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Comment Re:Are the reviews useful? (Score 1) 206

From what I can tell, the app seems to do as it says and helps you move your data to iOS. I think the biggest reason for the criticism is that such an app would have a snowball's chance in hell of being approved on iOS for moving the other way around.

Comment Canada? (Score 2) 280

Um, why would Canada be anywhere near the top? I mean, big cities will have okay coverage and bandwidth, but we still have absolutely egregious pricing compared with the rest of the developed world. That 10Mbit is going to cost you far more in even the most populous downtown areas than it would in a backwater village in Sweden or France. I guess if you completely ignore prices, we'd have relatively good coverage, but a lot of people won't want to pay for it at the prices we have it at.

Comment Re:less password01? (Score 1) 148

Now guess what happens when the system not only asks for a new password three times a year, but also restricts the password to never have been used before and to be exactly eight characters? People find a short 5 character password and append NYY (N = password number, YY = year).

Yes, I have to use such a system. Yes, it's as awful as you'd think it to be.

Comment Re:Quantum Encryption (Score 3, Informative) 113

I still like to take Grover's algorithm as an example of a somewhat mind-bending quantum computing application. Its typical use case is the search problem, i.e. searching for a particular value inside some form of storage like a database, and it can do so in O(sqrt(N)), which is quite simply impossible in classical computing since you have to visit every entry at least once (hence O(N)) to perform a full search. Now, Grover's algorithm is probabilistic in nature, so you may need to repeat the algorithm to determine the correct value, but value verification for such problems is generally simple (since the problems are generally at most NP-complete and NP-completion implies a P-space verification algorithm given a solution) and the number of repetitions is expected to be constant.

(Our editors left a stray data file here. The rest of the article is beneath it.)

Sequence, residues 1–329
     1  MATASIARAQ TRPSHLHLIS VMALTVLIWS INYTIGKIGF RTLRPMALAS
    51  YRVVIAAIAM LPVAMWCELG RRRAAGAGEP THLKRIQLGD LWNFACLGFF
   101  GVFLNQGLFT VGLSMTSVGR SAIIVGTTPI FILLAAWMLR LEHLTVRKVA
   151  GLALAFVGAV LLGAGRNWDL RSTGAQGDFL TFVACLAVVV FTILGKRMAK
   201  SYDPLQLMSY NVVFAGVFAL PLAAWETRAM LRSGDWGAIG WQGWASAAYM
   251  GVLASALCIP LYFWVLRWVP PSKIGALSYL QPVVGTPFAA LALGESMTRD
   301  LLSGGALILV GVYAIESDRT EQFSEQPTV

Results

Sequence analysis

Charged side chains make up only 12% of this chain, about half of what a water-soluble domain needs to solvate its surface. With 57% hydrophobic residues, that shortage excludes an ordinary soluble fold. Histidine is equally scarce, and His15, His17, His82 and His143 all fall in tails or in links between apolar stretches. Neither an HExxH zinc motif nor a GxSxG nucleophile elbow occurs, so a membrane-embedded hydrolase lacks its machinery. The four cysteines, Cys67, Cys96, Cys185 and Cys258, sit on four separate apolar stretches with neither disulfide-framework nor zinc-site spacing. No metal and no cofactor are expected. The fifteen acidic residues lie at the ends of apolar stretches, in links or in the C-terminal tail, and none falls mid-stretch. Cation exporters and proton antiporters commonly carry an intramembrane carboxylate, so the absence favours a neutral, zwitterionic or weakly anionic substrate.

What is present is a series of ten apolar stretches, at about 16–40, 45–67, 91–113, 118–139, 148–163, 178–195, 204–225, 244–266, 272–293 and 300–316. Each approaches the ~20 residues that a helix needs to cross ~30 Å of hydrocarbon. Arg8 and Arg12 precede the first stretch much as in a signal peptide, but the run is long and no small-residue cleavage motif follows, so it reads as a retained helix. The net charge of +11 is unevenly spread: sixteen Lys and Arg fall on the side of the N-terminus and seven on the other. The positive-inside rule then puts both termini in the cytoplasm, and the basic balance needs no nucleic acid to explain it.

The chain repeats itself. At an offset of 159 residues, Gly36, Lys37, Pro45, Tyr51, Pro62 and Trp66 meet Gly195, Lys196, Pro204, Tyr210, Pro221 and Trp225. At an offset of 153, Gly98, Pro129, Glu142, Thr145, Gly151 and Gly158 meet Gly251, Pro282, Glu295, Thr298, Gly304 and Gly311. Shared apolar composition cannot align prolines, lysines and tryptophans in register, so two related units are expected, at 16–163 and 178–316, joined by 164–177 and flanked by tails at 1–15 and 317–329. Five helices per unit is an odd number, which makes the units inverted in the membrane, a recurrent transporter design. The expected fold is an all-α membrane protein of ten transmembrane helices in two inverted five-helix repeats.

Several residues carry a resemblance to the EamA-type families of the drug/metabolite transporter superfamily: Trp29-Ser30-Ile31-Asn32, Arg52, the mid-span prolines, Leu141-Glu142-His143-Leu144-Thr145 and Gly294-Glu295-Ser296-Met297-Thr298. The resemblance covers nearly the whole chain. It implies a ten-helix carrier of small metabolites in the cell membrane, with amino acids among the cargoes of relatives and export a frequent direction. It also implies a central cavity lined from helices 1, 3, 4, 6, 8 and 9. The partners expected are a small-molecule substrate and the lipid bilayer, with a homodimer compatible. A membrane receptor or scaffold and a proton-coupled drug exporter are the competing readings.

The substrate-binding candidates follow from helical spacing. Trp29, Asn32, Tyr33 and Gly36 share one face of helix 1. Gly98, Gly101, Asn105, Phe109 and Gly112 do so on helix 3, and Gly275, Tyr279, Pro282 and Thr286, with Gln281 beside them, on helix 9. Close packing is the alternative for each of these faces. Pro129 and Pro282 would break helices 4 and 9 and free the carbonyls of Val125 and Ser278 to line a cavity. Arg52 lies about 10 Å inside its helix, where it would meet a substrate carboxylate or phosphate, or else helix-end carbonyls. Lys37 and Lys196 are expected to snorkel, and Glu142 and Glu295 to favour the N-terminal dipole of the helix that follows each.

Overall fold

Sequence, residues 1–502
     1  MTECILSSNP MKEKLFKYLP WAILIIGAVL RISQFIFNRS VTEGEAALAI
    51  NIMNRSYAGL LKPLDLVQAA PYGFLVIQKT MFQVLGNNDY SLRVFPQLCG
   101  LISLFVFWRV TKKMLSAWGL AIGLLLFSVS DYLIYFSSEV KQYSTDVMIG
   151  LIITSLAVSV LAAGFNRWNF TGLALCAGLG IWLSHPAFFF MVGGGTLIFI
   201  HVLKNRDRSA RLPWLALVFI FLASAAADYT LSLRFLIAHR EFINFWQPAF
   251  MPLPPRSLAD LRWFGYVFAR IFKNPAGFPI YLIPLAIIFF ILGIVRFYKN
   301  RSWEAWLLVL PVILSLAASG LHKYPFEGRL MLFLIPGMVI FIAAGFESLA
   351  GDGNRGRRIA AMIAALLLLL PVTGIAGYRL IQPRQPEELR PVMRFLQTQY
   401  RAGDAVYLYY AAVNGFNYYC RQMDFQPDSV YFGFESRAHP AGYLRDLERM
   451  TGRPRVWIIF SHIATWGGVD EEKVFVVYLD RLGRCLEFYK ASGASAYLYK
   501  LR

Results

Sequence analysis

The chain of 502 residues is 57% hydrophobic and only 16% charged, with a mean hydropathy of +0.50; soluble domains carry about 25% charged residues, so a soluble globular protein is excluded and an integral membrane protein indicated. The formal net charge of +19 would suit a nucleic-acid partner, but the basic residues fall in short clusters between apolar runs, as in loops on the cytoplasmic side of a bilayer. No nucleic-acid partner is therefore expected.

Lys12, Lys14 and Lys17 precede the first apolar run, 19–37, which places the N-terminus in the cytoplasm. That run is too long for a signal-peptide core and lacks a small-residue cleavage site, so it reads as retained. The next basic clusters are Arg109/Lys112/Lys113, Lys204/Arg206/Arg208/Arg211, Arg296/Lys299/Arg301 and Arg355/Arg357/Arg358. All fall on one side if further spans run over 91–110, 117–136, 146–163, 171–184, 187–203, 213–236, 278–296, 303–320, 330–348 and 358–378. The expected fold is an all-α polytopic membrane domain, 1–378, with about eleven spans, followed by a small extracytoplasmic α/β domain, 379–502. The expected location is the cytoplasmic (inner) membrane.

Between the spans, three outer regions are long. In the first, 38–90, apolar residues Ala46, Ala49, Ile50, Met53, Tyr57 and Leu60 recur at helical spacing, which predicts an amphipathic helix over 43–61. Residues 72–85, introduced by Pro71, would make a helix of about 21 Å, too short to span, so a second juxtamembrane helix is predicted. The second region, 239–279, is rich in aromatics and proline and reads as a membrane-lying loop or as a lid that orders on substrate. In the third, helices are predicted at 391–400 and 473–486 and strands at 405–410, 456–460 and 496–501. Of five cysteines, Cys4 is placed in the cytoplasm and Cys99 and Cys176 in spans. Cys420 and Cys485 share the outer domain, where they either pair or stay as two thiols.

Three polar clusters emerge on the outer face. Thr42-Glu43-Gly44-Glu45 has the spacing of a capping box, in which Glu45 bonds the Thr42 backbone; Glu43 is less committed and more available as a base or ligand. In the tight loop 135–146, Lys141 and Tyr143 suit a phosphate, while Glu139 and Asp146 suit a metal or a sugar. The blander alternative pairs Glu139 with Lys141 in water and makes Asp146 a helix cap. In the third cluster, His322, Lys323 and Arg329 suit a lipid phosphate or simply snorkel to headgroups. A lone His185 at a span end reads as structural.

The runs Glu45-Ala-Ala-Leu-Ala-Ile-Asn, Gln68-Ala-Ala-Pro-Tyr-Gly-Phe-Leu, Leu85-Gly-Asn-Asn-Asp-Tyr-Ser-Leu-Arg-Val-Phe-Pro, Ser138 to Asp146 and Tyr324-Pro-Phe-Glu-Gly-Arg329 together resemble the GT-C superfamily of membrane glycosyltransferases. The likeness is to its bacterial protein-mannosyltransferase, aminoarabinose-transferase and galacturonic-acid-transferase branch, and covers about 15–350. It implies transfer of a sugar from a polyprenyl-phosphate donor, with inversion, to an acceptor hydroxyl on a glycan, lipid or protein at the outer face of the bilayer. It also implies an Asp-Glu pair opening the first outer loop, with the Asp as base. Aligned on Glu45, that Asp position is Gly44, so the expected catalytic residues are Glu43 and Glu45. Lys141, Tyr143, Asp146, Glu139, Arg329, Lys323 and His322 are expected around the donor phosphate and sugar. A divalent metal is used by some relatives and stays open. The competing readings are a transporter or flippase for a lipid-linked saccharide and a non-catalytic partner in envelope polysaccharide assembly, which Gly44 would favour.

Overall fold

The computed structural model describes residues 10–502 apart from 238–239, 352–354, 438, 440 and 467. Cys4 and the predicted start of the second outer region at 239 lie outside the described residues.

Of course, you can note that parallelization legitimately can compete with Grover's algorithm for very large datasets and very large thread counts, but on a purely theoretical level I still find it fascinating.

Comment Re:It takes two... (Score 5, Interesting) 440

Of course, but if you listen to the narrative being peddled by a lot of people (including prominent media and websites), you'd think Jobs was nothing short of a one-man company genius, able to do tech design, aesthetic design, management, logistics, sales and marketing all by himself. The Steve Wozniaks and Jonathan Ives of this world tend to be quickly forgotten when attempting to create the new messiah, which Jobs entirely embraced, and fuck the ones who helped him. As with most large success stories, it involves a talented team and lots of luck rather than a single person magically doing everything perfectly.

It doesn't help that Jobs leveraged people like Woz, who's very candid and even humble, while being a total arrogant prick himself, even as the media try to portray him as an aspirational model.

Comment Re:Dumbest thing I've heard today. (Score 1) 576

The only technology I know that'd let you do something similar to FedEx for humans would be GPS-enabled ankle monitors. You know, those we use to track dangerous criminals and where even then it's rather controversial in most of the (sane) world.

If Christie wants to be associated with that kind of stuff, I suggest he first volunteer for one. I'm sure he'd appreciate everyone knowing how many mistresses he has and with which party donor he goes to eat out.

Comment Re:I suggest we confuse the primary Uber benefits. (Score 1) 155

Well, the app does help a great deal, because it's far more convenient, immediate and useful than trying to hail a cab or, heavens forbid, calling their horrible mess of a dispatch service. It's also the first step towards having Uber's other features, like driver ratings (which could theoretically happen with taxis, though a huge amount of drivers would probably fight against that). Newer/cleaner vehicles and pricing are the two things I don't see changing anytime soon though.

Comment Re:What does Science have to say about this? (Score 2) 588

A double-blind test only ensures that the researchers and the subjects are not aware of any information that may affect their actions during the test. What is being tested has no impact on whether something is double-blind or not, and likewise for revealing that information after the test.

That test is on the contrary quite revealing, since it correctly decorrelates radio signals from symptoms, thus refuting the hypothesis that radio signals are responsible for the symptoms.

Neutrinos are into physicists.